10 Ways To Get Published and Get Paid!

We are living in the “Information Age.” People’s “need to know” has created a virtual gold mine for today’s writer. In an effort to help Americans live longer, parent better, improve relationships, enhance life quality, and perform at peak levels, online publications and specialty magazines are emerging weekly to address every target audience imagineable.

Although these start-up publications typically have low wages (some pay in “copies” only), they present a great opportunity to receive choice assignments, carve your niche, garner more clips, and have creative input. Not to mention, they are often less competitive and less political than larger, more established publications.

But beware! With all the perks these types of writing projects possess, there are clearly some disadvantages. Being an author is as much about “business” as it is about creativity. So you must be savvy in order to be successful.

After getting burned 3 times by new publications that gave lip service without pay, (1 Bridal, 1 Religious, 1 Lifestyle), I got smart. And here’s how you can too!


1. READ THE FINE PRINT-Before “sealing the deal” make sure that you thoroughly read and understand the conditions of your contract. Or seek legal expertise. A contract (whether for one dollar or one million), is still a legal document, and in most instances binding.
2. GET IT IN WRITING-“Promises, promises” When you are being wooed (romantically or professionally), it is not unusual to be promised the world. And it’s perfectly okay to be trusting; but not naively so. Issues like pay rate, pay date, kill fees, word count, deadlines, and guidelines should be put in print. This eliminates future complications and misunderstandings.
3. LEARN FROM THE LESSON – -Always be open to what you could have done better, or differently. Keep accurate records to aid the process.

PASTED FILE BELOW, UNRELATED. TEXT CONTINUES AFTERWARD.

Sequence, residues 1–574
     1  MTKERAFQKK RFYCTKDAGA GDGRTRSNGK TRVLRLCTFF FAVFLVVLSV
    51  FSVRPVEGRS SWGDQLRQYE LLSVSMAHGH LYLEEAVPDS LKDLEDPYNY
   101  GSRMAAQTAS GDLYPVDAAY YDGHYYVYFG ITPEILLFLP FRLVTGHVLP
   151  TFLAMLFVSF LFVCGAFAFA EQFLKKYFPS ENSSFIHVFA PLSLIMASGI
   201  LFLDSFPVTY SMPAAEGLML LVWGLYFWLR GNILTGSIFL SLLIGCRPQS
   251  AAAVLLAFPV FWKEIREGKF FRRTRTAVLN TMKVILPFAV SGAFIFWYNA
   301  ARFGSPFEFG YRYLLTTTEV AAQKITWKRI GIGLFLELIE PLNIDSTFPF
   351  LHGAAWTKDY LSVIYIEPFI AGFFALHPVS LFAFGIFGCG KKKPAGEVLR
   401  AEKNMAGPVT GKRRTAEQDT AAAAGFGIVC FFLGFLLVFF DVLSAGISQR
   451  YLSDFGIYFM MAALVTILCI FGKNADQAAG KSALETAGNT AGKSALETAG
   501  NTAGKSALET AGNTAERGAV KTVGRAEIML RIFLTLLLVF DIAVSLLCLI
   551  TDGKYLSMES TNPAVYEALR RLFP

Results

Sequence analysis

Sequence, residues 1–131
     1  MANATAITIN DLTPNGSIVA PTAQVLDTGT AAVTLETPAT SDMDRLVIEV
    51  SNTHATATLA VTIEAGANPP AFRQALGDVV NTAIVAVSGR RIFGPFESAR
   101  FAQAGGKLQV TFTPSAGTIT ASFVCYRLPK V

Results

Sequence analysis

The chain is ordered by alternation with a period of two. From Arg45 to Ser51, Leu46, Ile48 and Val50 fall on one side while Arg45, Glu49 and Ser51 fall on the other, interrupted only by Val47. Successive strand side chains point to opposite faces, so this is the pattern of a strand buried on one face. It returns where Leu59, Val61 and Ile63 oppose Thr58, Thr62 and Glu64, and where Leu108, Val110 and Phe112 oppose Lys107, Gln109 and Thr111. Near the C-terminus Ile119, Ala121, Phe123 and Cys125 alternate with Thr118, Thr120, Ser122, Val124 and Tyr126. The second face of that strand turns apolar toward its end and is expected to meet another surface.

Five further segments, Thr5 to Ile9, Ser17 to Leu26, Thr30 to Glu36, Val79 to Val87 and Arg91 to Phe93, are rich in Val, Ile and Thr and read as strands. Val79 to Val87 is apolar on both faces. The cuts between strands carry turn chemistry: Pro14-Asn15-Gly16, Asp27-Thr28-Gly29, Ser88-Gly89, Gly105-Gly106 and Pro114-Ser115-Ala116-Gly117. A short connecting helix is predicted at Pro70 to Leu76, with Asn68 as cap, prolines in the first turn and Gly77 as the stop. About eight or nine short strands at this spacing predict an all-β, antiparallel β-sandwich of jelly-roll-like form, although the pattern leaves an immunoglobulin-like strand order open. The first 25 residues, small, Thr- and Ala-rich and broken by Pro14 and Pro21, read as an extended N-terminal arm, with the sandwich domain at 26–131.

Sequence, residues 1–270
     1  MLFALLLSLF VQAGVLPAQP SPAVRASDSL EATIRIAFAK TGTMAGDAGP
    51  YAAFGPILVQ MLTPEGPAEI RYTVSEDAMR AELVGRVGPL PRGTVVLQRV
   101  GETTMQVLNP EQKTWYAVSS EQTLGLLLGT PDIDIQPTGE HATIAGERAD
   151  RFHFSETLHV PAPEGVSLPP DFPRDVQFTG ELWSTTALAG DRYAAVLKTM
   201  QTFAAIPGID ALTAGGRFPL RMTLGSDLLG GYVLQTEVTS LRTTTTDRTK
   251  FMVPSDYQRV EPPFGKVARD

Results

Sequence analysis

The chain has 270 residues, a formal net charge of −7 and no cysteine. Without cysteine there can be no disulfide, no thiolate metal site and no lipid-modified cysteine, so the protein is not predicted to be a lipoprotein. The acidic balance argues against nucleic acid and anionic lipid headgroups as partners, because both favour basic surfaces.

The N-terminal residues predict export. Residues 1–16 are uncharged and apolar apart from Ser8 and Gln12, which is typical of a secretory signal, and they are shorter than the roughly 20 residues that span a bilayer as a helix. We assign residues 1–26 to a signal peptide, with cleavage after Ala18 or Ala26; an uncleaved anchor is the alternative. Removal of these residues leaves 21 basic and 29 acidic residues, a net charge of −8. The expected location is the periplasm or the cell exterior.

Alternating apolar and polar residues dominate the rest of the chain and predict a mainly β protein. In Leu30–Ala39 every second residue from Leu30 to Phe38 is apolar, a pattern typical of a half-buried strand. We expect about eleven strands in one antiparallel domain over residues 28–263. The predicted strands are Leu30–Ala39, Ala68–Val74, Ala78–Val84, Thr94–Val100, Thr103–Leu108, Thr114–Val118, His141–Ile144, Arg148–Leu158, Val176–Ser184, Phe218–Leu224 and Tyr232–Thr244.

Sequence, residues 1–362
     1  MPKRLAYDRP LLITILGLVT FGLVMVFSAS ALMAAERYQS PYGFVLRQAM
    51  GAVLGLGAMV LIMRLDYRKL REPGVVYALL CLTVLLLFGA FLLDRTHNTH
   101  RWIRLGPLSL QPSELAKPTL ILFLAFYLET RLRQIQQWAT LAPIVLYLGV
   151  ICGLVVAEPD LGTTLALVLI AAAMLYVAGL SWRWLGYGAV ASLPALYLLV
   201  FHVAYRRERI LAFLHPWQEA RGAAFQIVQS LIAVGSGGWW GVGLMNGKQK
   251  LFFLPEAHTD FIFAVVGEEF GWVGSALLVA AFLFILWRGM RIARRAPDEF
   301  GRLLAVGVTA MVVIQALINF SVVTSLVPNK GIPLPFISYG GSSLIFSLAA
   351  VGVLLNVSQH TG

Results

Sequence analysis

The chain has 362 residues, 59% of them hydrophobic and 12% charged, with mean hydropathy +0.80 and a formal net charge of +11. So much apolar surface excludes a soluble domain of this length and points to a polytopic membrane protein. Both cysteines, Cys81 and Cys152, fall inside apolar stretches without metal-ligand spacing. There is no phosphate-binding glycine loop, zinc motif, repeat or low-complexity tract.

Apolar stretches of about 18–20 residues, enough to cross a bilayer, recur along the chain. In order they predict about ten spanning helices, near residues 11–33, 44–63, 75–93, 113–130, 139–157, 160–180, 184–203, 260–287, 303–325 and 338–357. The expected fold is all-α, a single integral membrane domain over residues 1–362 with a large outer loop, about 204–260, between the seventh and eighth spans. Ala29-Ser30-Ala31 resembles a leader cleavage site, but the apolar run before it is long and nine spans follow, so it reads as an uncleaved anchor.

4. HOLD ON TO YOUR ORIGINALS-Whether it’s a contract or manuscript- mistakes can happen, and from time to time they will.
5. RETAIN AS MANY AUTHOR’S RIGHTS AS POSSIBLE-Some publications seek that you sign a “Work for Hire” Agreement, which means that you are not able to resale your work, as it is deemed “their” property. Avoid this type

Jennifer Brown Banks- Page 3 The Downside�

of agreement if at all possible. The more control they have, the less money you do!
6. MAKE SURE THERE IS ADEQUATE CONTACT INFO PROVIDED-Preferably a working phone and fax number, in addition to an E-mail and physical address. There’s nothing worse than trying to chase down a check and hitting a bunch of dead ends. And remember, time is money!
7. BALANCE NEW PROJECTS WITH “OLD FRIENDS”-To keep cash flow going, it behooves you to maintain your existing relationships and assignments as well. As the saying goes, “A bird in the hand is worth two in the bush.”
8. RESEARCH THE COMPANY-Either on line or through print resources. What’s the owner’s background? His/her mission statement? Years in the business? Other ventures? Complaints? Could you see yourself as a potential customer? These will give some indication as to future growth and continued pay.
9. BE DECENT TO DEAL WITH-No matter how great you are as a writer, if you’re difficult or “diva” like, miss deadlines, or are a general nuisance, you sabotage the chances for future work.
10. REPORT IMPROPER PRACTICES-Many times editors and publishers are able to get away with not paying us because we fail to hold them accountable Far too often we chalk publishing nightmares up to bad experiences, and simply move on. Bad move. The cycle only perpetuates. Instead, report non-payments and deceptive practices to writers’ bulletin boards, The National Writer’s Union, Preditors and Editors, and Whispers and Warnings. Save a fellow scribe potential headaches. And be taken seriously for your craft.

Armed with this information, you can consult the following resources for listings of new publications� and fare well!
These directories can be found at your local library.


Ã?¨ Bacon’s Directory of Magazines- This huge green paperbound volume is chock full of information on newspapers, radio, TV and other media. Including circulation figures, editors’ names, and readers’ profile.

�¨ Standard Rate and Data Service- Also known as SRDS in the advertising business. This directory can be found at business school libraries and large public libraries and gives the who, what, when, and where needed to market your pieces.
�¨ Folio Magazine- Is carried in some big city libraries and provides half a dozen mini-profiles of new magazines in each issue.
�¨ Mediaweek- Also includes notices about new publications and commentary on media related trends.

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